Treasury blacklists firms allegedly tied to drug lord

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The U.S. Treasury Department blacklisted 20 entities and one person linked to a Mexican drug lord who was recently released on a technicality in the torture-murder of a Drug Enforcement Administration agent.

Rafael Caro Quintero has spent the last 28 years of a 40-year sentence locked up in a Mexican prison for the killing of Enrique “Kiki” Camarena.

Quintero was originally sentenced to spend 40 years behind bars, but was released on Aug. 9 with 12 years still left on his sentence.

Security guards were assigned to follow Quintero after his release, but the former cartel boss was able to quickly shake them, a source familiar with the events told

The details behind the unexpected release of Quintero have threatened an already fragile relationship between the U.S. and Mexico.

Authorities say Camarena was tortured before his execution -- viciously beaten, with his tormenters reportedly using a screwdriver to drill a hole in his head; a doctor was employed to keep him alive and conscious during the interrogation. A detailed 1985 Miami Herald report on the kidnapping said Camarena suffered a broken jaw, a broken nose, broken cheekbones and a crushed windpipe.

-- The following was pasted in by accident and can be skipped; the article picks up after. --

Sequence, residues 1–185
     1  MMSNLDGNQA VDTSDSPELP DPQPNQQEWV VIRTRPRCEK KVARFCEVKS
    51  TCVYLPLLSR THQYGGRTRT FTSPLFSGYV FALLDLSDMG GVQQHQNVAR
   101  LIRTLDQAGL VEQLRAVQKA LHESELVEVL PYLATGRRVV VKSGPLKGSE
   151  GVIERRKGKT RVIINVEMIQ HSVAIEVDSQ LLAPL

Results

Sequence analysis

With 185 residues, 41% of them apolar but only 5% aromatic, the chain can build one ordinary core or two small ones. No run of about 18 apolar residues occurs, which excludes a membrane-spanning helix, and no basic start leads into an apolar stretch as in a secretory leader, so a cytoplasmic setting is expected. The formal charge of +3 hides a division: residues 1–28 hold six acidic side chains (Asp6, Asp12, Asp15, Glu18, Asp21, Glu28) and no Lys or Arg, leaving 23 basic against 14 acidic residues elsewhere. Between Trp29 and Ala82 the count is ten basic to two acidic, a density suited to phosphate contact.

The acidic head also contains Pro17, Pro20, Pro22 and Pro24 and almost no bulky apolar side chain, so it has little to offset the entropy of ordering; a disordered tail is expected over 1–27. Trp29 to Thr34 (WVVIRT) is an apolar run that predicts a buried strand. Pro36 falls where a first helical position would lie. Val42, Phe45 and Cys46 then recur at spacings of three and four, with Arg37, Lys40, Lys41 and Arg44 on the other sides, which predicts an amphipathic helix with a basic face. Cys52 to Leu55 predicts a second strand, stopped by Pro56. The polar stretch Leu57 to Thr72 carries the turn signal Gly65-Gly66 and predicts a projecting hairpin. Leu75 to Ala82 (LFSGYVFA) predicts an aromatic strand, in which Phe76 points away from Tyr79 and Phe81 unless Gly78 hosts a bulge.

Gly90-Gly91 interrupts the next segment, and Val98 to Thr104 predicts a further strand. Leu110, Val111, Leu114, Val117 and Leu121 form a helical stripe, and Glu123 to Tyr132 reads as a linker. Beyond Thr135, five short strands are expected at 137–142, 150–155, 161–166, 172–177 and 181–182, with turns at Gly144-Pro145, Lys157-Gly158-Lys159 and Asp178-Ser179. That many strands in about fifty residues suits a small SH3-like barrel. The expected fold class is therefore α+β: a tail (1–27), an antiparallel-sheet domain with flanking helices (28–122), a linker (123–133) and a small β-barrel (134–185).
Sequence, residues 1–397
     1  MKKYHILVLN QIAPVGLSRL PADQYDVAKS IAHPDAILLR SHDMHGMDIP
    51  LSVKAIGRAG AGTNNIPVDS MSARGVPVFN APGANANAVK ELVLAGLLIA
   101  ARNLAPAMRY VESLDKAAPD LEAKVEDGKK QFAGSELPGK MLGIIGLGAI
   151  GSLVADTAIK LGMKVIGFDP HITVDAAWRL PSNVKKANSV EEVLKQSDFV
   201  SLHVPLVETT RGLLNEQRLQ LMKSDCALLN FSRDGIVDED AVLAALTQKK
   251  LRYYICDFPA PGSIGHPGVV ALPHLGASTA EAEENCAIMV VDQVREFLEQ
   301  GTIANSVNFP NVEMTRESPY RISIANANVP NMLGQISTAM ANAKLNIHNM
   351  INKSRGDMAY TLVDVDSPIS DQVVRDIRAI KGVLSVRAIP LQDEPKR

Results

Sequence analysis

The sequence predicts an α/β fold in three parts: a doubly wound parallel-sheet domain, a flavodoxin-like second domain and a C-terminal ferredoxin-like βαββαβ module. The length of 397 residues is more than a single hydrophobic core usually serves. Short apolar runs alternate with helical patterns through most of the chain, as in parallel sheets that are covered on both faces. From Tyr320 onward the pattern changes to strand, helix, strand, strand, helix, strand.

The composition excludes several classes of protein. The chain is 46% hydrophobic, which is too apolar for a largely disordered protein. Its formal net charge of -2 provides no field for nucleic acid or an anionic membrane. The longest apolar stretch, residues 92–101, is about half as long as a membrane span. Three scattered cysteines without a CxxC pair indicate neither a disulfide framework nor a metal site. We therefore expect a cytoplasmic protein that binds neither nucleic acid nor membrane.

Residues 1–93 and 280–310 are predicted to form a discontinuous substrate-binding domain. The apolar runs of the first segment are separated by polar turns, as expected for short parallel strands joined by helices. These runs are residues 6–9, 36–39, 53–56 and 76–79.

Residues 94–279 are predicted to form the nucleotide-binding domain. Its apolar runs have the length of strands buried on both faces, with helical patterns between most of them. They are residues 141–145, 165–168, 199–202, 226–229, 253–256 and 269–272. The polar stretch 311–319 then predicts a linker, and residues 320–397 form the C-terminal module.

Camarena's body was later discovered, along with that of his Mexican pilot, on a ranch outside Guadalajara.

Quintero’s criminal career began in the late 1970s, when he founded one of the most notorious drug cartels in the country. During his illegal ventures, authorities say he “amassed an illicit fortune.”

While in prison, officials say Quintero kept up alliances with Mexican drug trafficking organizations and used a network of family members, front men and friends to invest the money he made illegally in legitimate companies and real estate investment deals.

U.S. authorities want to cut off the cash to Quintero and his associates. They had added him, 20 businesses he is associated with as well as Juan Carlos Soto Ruiz, a Guadalajaran native who manages six of the companies, to the list.

“Caro Quintero and his organizations can no longer hide behind front companies with their drug trafficking profits,” DEA spokeswoman Michele Leonhart said in a written statement. “These illegal enterprises fuel the drug trade and its violence and corruption. DEA and our partners at Treasury and elsewhere in government will pursue any and all means available to ensure that Caro Quintero is brought to justice and his criminal network is destroyed.”

Since 2000, the U.S. has identified 103 drug dealers and 1,300 businesses and individuals as part of the Kingpin Act.

The law prohibits companies and people in the U.S. from conducting any type of financial or commercial transaction with those on the list. Civil penalties can hit more than $1 million per violation. Criminal penalties for corporate officers caught breaking the law can result in fines up to $5 million and 30 years in prison.

In September, Vice President Joe Biden traveled to Mexico to meet with President Enrique Peña Nieto as a way to strengthen the economic relationship between the neighboring nations.

There was no mention in their public press conference of Quintero’s release.